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The food pyramid: replacing the wheel.

Instead of reinventing the wheel, the U.S. Department of Agriculture has replaced it. Since 1948, the department has used the "food wheel" to teach American schoolchildren the basis of a healthy diet.

In late April, the government unveiled its new "food pyramid," (fig. 1, below) which emphasizes the importance of grains, fruits, and vegetables. In turn, the pyramid relegates meat, poultry, and fish to the same status as that of dry beans, eggs, and nuts.

The bottom of the pyramid, indicating the highest priority, will come as a surprise to many--six to 11 recommended daily servings of bread, cereal, rice, and pasta. Readers of Medical Update, however, know that we often explain the value of the complex carbohydrates offered by these cereal foods.

At the top of the pyramid are the "no-nos" that make up so much of the modern American diet, but that the government recommends using sparingly. These include salad dressings and oils, cream, butter, margarine, sugars, soft drinks, candies, and sweet desserts that provide calories, but little else of nutritional value.

An interesting adjunct to the food pyramid is a poster-size publication from the Center for Science in the Public Interest, a nonprofit health educational agency. Entitled "Nutrition Scoreboard," the poster groups nearly 300 common foods into 11 categories: vegetables, fruits, beverages, dairy, poultry-fish-meat-eggs, grain foods, beans-nuts-seeds, condiments, snacks, desserts, and breakfast cereals. A serving of each is clearly defined, together with its relative nutritional value.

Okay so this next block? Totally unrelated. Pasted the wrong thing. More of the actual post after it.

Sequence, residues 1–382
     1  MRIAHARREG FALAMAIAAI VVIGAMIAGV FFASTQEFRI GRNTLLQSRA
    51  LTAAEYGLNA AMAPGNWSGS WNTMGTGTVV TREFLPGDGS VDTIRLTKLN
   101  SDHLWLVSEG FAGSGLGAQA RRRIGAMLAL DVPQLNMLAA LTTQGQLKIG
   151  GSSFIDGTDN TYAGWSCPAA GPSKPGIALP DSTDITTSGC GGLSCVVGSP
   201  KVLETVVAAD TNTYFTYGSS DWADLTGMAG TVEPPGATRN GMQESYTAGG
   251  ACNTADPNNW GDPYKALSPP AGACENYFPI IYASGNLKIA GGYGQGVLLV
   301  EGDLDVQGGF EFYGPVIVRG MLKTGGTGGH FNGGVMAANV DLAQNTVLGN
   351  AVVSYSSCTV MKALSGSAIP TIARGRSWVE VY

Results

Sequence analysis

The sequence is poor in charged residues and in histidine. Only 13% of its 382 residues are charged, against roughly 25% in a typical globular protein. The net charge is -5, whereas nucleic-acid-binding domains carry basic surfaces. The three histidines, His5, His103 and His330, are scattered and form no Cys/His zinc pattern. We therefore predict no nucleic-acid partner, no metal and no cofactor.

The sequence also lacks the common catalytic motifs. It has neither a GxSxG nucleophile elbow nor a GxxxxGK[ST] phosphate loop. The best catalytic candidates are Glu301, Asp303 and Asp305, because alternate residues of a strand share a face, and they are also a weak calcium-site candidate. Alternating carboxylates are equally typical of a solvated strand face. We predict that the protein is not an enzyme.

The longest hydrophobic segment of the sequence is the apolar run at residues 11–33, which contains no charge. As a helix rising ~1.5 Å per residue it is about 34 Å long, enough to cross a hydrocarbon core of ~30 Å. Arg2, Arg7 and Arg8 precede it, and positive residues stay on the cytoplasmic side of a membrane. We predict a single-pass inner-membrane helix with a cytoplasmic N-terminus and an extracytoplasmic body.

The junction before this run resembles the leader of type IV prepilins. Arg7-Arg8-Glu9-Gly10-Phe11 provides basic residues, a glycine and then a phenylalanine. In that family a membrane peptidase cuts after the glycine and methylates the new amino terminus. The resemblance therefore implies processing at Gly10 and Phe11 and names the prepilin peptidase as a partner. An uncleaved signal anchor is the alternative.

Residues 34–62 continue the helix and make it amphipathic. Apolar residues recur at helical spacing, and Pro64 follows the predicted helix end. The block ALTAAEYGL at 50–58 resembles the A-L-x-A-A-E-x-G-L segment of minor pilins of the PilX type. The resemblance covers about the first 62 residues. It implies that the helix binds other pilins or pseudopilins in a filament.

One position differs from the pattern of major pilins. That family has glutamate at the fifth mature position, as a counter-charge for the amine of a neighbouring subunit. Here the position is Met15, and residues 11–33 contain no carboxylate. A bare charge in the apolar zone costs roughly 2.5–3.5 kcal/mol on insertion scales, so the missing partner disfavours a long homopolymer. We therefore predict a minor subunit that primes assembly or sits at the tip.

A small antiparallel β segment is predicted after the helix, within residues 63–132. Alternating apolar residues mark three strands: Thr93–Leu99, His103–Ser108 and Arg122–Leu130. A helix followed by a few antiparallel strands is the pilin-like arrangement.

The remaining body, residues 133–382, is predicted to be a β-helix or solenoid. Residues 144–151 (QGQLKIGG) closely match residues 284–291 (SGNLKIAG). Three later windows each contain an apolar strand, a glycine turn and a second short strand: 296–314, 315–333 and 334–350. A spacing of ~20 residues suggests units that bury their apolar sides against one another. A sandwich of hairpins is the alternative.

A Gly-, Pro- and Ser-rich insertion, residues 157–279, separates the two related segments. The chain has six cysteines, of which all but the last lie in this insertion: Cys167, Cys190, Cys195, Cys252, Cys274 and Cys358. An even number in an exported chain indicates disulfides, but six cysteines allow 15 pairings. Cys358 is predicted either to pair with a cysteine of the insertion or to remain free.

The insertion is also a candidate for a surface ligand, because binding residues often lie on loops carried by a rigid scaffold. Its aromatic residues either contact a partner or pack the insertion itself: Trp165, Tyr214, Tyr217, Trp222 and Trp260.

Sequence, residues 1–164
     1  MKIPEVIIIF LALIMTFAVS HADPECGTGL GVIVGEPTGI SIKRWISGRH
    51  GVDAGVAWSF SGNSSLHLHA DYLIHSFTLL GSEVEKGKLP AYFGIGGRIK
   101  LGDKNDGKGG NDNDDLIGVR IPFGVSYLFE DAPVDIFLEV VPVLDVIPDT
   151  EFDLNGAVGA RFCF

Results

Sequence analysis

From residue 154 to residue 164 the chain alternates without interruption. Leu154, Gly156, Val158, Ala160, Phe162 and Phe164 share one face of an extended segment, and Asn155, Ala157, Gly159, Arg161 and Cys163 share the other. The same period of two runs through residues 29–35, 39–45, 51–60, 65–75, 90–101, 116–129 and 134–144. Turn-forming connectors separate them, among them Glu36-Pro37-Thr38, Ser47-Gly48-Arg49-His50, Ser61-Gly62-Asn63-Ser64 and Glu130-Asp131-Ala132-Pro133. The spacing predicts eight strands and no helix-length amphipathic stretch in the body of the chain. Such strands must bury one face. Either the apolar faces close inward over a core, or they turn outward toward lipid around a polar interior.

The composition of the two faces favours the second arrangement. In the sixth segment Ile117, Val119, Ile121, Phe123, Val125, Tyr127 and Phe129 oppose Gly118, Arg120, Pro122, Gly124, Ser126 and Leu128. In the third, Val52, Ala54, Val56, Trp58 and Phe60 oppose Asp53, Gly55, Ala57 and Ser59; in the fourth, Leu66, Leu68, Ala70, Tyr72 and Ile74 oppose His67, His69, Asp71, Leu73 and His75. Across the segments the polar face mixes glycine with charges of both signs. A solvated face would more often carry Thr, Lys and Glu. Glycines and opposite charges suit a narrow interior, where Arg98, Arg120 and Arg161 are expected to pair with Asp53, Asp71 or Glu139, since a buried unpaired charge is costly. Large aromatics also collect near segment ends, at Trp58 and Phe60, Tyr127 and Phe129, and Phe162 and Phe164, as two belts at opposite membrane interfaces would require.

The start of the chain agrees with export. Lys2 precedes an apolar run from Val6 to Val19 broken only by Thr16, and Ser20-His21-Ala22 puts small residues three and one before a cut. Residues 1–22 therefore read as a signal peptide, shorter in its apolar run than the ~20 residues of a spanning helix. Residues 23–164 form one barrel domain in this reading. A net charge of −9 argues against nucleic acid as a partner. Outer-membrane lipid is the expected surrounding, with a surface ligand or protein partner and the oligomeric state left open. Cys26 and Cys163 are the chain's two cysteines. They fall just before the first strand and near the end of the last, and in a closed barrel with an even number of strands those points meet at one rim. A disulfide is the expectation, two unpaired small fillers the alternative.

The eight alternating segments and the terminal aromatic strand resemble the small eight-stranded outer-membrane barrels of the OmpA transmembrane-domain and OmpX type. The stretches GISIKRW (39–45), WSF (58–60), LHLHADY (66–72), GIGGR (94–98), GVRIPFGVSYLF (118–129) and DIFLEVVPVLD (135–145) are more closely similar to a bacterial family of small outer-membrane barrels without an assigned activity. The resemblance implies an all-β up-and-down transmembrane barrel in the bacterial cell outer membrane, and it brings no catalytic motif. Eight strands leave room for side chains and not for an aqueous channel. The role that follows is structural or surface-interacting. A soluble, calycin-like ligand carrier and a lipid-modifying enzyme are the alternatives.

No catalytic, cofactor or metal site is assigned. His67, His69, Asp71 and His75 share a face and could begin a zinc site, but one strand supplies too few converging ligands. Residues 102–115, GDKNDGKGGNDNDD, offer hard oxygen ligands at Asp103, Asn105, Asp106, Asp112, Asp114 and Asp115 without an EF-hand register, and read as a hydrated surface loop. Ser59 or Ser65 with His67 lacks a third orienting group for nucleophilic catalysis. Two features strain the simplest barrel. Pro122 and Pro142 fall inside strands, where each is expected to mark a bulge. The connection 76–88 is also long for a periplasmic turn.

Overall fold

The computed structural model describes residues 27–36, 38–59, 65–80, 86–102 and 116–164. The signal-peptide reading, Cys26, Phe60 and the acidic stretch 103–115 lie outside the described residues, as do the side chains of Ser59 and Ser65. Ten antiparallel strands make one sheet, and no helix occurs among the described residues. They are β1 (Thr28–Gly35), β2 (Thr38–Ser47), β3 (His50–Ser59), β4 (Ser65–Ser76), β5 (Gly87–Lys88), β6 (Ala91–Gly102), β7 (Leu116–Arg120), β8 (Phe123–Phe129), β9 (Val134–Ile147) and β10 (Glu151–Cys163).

A higher score means the food is more nutritious. Foods are given points for their content of protein, dietary fiber, naturally-occurring sugars and starch, polyunsaturated fat, four vitamins (A, C, riboflavin and niacin), and two minerals (iron and calcium). Points are deducted for total fat content, saturated and monounsaturated fat, cholesterol, sodium, and added sugars.

At the top of the vegetable list, for example, is fresh spinach, with a straight score of 91--compared to cucumber at the bottom, with a score of 6. The fruit list is particularly interesting--the winner is watermelon, with a total score of 68.

Papaya and cantaloupe come in a close second at 60 each. The "apple a day" that keeps the doctor away? A lowly 23.

In the grain food category, the only surprise to any is the statement heading the list: "Contrary to a widespread myth, starchy grain foods are not fattening."
COPYRIGHT 1992 Benjamin Franklin Literary & Medical Society, Inc.
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Copyright 1992 Gale, Cengage Learning. All rights reserved.

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Publication:Medical Update
Date:Jun 1, 1992
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